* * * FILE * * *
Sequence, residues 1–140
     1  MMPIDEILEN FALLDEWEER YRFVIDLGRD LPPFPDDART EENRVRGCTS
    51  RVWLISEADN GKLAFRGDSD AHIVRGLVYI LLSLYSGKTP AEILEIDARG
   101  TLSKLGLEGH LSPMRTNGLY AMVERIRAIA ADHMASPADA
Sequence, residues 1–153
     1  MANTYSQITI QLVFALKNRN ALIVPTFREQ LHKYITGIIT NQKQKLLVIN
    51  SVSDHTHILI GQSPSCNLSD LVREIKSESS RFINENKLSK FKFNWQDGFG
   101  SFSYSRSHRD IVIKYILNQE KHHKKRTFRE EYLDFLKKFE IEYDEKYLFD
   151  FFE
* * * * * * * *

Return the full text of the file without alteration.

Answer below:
Sequence, residues 1–140
     1  MMPIDEILEN FALLDEWEER YRFVIDLGRD LPPFPDDART EENRVRGCTS
    51  RVWLISEADN GKLAFRGDSD AHIVRGLVYI LLSLYSGKTP AEILEIDARG
   101  TLSKLGLEGH LSPMRTNGLY AMVERIRAIA ADHMASPADA
Sequence, residues 1–153
     1  MANTYSQITI QLVFALKNRN ALIVPTFREQ LHKYITGIIT NQKQKLLVIN
    51  SVSDHTHILI GQSPSCNLSD LVREIKSESS RFINENKLSK FKFNWQDGFG
   101  SFSYSRSHRD IVIKYILNQE KHHKKRTFRE EYLDFLKKFE IEYDEKYLFD
   151  FFE